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It isn't difficult to find books that study the history of food. A quick stop in any bookshop or library will reveal plenty of material, from medieval recipe books to biographies of the great chefs. One can study the Roman diet and try out the recipes, just as one can admire the healthfulness of Second World War rations and have a go at playing housewife in the 1940s. All of this is good, useful stuff. But then step back for a moment. Look at where these volumes are kept. Not in the History section with all the serious books, but in the Cookery section, along with Sport and Leisure. And there's the problem in a nutshell. Food and its history are simply not seen as something quite worthy of intellectual analysis. It's local colour or historical novelty; definitely not to be mixed up with the serious stuff, such as history of society, of sickness and of war.
Yet what could be more serious than this? The history of food is nothing less than a history of human need and human dependency. All human beings are dependent on others for food at some point in their lives. The most obvious phase of dependency is childhood, but it is not the only one. There are times in our adult lives when others provide for us, keep us alive. In these cases we are usually confined in some way. Confinement can be benevolent, when we are ill or injured and are cared for in hospital, or it can be an act of malevolence, when we are captured and imprisoned by an enemy in a time of war. In these contexts of confinement and dependency, food becomes far more than just ingredients in recipes. Above all, food provision represents choices made by those in power about the value and quality of human life. That doesn't mean one should forget about ingredients. In serious analysis, it is not enough to simply say ‘food’ and give no detail. Understanding its components, its quantities, its preparation and its withholding is as essential as understanding government policy and international convention.
So, it seems that in order to produce a serious history of food, we must first make our way to a serious place—context, before subject, is all. Two articles in this month's issue of Medical Humanities do exactly that. Their analyses are located in two very serious spaces of confinement: the hospital (specifically the paediatric ward) and the prisoner of war (PoW) camp. The authority structures in both institutions are explored solely in terms of their ability and commitment in providing food for their dependents. The results of the investigations show that this is not just an appropriate or adequate historiographical and methodological choice by the authors, it is a successful one. The results are rich and compelling in detail as well as being original and stimulating for future research.
In ‘Nutrition in warfare: a retrospective evaluation of undernourishment in RAF prisoners of war during World War II’,1 we see immediately just how useful this approach can be in a variety of historiographical contexts. This is particularly true in the case of histories of PoWs in the Second World War. This field is dominated (and limited) by two narratives: escapes and the horror of imprisonment in Japan. The former is exciting and the latter appalling, but neither is representative of the experience of the vast majority of young men taken prisoner between 1939 and 1945. Furthermore, because of the abominable treatment of PoWs in the Far East, where starvation was the norm, more regular provision of food in European camps is deemed less dramatic and therefore less worthy of study. From the outset, the author of ‘Nutrition in warfare’ takes issue with this approach. He makes clear the important distinction between starvation and undernourishment. He chases down the detail of the PoW diet, its amounts and components (proteins, fats, carbohydrates). From there he is able to draw conclusions about the physical wellbeing of the PoWs, their ability to work and their relationships with their captors. We see a more complex, nuanced reading of the PoW setting; how it was often more fluid than we imagine, with supplementary food provision becoming not only nutritionally valuable but also a kind of currency with the outside world and war.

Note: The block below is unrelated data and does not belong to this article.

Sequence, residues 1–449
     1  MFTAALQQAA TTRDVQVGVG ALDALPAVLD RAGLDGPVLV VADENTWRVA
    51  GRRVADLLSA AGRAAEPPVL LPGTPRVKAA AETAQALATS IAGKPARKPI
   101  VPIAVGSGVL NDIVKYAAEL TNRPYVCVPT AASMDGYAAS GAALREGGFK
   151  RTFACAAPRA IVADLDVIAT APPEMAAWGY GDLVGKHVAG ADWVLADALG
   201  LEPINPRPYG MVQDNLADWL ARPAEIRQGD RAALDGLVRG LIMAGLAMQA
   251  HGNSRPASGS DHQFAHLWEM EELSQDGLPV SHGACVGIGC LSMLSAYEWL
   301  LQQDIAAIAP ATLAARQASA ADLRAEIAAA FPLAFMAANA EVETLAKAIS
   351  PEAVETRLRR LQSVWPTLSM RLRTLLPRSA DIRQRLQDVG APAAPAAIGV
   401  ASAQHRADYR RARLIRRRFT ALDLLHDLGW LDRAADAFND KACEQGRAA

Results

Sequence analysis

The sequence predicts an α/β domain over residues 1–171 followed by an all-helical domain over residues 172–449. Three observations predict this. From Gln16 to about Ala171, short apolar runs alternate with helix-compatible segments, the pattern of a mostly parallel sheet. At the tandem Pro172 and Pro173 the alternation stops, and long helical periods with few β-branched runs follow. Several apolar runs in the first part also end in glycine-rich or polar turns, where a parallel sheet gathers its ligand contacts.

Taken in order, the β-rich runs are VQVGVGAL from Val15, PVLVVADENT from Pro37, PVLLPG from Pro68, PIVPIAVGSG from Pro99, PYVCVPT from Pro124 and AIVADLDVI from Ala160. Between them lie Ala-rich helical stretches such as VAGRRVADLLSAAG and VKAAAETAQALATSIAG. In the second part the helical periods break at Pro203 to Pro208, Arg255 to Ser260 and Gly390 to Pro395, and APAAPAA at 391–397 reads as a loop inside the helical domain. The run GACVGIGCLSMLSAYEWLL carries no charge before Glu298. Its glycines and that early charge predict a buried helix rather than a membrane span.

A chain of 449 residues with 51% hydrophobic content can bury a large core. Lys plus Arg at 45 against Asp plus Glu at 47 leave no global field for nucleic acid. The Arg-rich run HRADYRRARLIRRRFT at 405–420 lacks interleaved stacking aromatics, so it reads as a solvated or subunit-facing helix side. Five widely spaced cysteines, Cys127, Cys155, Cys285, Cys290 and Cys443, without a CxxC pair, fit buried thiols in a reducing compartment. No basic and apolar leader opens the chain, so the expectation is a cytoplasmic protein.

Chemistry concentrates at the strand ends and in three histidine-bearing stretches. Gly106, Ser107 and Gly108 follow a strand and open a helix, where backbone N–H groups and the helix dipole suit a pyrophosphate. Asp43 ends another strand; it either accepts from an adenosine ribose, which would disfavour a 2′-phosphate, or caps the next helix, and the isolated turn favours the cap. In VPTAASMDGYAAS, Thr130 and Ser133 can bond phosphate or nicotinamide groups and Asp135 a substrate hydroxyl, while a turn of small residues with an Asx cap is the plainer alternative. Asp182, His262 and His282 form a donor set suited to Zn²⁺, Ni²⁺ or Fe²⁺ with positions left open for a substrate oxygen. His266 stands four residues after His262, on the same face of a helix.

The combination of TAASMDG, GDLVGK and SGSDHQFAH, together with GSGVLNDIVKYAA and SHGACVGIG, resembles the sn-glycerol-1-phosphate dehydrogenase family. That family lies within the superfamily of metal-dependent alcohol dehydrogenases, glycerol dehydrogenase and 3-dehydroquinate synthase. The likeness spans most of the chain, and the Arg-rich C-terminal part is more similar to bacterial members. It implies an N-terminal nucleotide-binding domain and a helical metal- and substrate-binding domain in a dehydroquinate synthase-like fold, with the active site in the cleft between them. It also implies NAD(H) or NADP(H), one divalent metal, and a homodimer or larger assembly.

The authors of ‘Historical and contemporary perspectives on children's diets: is choice always in the patients' best interest?’2 also choose to reject blanket assumptions that 19th century diets in hospitals were inferior to those of today. Their emphasis on dietetic detail and its relation to treatment and recovery draw unexpected conclusions about patient care and also shed light on the elements of authority and confinement practice within the 19th century hospital. There are metanarratives that speak theoretically of discipline and control in the hospitals of the new industrial age, but few are able to draw upon the real analytical power of the detail in this paper. It wasn't just PoW camps where food was withheld if confinees didn't behave themselves.
Both sets of authors have struck out into relatively unexplored territory with their research. The richness and variety of their results mean that their work is provides not only a starting point but also a model for future analysis. They show how ideas about the state, authority, control and discipline can be understood in that most basic of the forms by which we survive as human beings—the provision of food. They show what happens to us when our individuality is compromised by our dependence. Understanding our food is to understand what makes us human. Simple ideas, but full of meaning—and plenty to chew on.
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